perform magic. Monter argues that ‘the judges of Rouen inflicted such severe punishments on those shepherds … not because they were magicians, but because they profaned the eucharist, the body of Christ.’ 35 This particular statement concerns the reason for the unusual severity of the Rouen Parlement toward male witches, not the reason for their existence in the first place; however, shortly before he makes this comment

in Male witches in early modern Europe

authority as messengers of God.3 The explication of this choice in their farewell sermons moved the Bartholomeans to examine how they saw themselves, their godly constituents, and the profane world ranged against them. I The ministers ejected from the Church of England in 1662 may, in many cases, have associated with one another during the Interregnum, but these informal networks did not amount to an organised party within the Church, nor were they united by a common manifesto. Even those older Bartholomeans who had signed one of the Testimonies of 1648 or participated in

in Black Bartholomew’s Day
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Global kosher and halal markets

logic in this type of analysis is that religion, on the one hand, and dietary understandings and practices, on the other hand, are inseparable forces shaping human cosmology. In seminal studies of food and religion/​cosmology by Lévi-​Strauss (1968), Émile Durkheim (1995) and Mary Douglas (1972, 1975, 2002), binaries such as edible/​inedible, sacred/​ profane, and raw/​cooked are vital. Barthes writes that to eat is a behaviour that develops beyond its own ends and thus it is a sign vital to individual, group, and national identities (1975:  72). Simultaneously, basic

in Religion, regulation, consumption
Open Access (free)

the international ecclesiastical scene has not been investigated to any significant degree. For instance, political histories of seventeenth-century France routinely refer to the political functions of the episcopate, whose members, like François Faure of Amiens, acted as local power brokers, governing forces and even royal ministers.22 They rarely enquire about the elastic twists that many of them required of their consciences in order to reconcile their profane responsibilities with their role as spiritual officers of the ecclesiastical realm. Similarly, over the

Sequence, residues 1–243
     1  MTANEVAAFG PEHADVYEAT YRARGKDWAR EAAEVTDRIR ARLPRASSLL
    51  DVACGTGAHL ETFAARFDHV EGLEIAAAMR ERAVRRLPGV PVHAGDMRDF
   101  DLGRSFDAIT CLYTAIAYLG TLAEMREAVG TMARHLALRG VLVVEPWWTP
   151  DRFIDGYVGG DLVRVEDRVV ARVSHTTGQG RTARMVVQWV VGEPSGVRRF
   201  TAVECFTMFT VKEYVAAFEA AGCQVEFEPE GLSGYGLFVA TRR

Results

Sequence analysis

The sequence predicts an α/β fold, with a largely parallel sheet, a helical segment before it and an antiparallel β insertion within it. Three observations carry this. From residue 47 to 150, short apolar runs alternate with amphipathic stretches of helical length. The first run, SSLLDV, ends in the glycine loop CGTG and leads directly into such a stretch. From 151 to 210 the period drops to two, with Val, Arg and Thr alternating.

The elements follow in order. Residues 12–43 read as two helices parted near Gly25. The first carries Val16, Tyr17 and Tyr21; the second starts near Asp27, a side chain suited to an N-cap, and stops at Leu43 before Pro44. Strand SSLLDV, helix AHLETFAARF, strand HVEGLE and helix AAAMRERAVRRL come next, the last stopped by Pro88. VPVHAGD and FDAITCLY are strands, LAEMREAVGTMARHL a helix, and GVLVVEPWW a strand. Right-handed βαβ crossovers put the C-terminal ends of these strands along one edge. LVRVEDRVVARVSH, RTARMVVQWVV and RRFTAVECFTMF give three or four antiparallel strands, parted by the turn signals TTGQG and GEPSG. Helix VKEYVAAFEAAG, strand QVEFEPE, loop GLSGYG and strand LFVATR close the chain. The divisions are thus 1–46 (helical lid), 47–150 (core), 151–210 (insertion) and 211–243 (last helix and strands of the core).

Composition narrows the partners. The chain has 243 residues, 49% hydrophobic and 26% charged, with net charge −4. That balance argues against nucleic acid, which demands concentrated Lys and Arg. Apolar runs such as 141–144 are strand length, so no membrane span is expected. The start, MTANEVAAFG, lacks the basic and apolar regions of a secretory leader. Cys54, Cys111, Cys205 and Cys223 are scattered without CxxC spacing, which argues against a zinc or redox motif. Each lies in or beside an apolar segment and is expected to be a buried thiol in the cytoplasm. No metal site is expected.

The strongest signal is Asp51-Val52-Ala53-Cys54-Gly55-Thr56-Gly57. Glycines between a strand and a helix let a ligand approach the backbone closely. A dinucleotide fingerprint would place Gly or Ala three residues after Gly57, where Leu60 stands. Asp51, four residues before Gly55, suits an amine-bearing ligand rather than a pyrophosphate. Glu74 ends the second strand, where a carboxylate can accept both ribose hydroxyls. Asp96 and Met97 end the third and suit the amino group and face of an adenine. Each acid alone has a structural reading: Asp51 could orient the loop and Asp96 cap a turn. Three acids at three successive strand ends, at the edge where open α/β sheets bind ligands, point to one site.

in Fathers, pastors and kings

embrace heterodoxies, including deism, Socinianism, and even atheism, was confirmed when the notorious freethinker, John Toland, returned to his native Dublin in 1697, although he quickly left Ireland following a parliamentary order for his arrest, together with the public burning of his Christianity not mysterious (1696). Whilst parliamentary legislation enacted in 1695 enforced sabbatarianism and penalised profane cursing and swearing and the

in The later Stuart Church, 1660–1714
Rome and the Bible

. Sheehan, ‘Temple and Tabernacle: The Place of Religion in Early Modern England’, in P. Smith and B. Schmidt (eds), Making Knowledge in Early Modern Europe: Practices, Objects and Texts, 1400–1800 (Chicago, 2007), pp. 248–72; J. Sheehan, ‘The Altars of the Idols: Religion, Sacrifice and the Early Modern Polity’, JHI 67 (2006), pp. 649–73; J. Sheehan, ‘Sacred and Profane: Idolatry, Antiquarianism and the Polemics of Distinction in the Seventeenth Century’, P&P 192 (2006), pp. 35–66. Ibid., p. 52. Cf. J. Champion, ‘Legislators, Impostors and the Politic Origins of Religion

in Reformation without end